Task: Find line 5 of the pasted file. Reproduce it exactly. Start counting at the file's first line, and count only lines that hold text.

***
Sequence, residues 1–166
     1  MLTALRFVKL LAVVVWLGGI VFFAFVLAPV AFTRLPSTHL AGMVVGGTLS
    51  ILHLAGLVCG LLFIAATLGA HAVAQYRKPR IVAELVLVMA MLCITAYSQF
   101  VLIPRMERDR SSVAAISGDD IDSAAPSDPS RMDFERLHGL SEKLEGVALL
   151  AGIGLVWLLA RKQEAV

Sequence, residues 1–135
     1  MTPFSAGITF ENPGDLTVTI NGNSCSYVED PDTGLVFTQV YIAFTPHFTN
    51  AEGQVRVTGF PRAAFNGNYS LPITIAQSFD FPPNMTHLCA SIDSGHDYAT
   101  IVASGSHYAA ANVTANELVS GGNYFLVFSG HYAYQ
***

   151  AGIGLVWLLA RKQEAV